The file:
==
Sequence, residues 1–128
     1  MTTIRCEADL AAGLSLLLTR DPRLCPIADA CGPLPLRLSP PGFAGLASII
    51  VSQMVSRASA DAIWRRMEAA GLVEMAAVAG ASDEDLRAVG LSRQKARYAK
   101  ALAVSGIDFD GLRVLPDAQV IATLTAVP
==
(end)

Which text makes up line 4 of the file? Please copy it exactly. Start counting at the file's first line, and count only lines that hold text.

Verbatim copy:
   101  ALAVSGIDFD GLRVLPDAQV IATLTAVP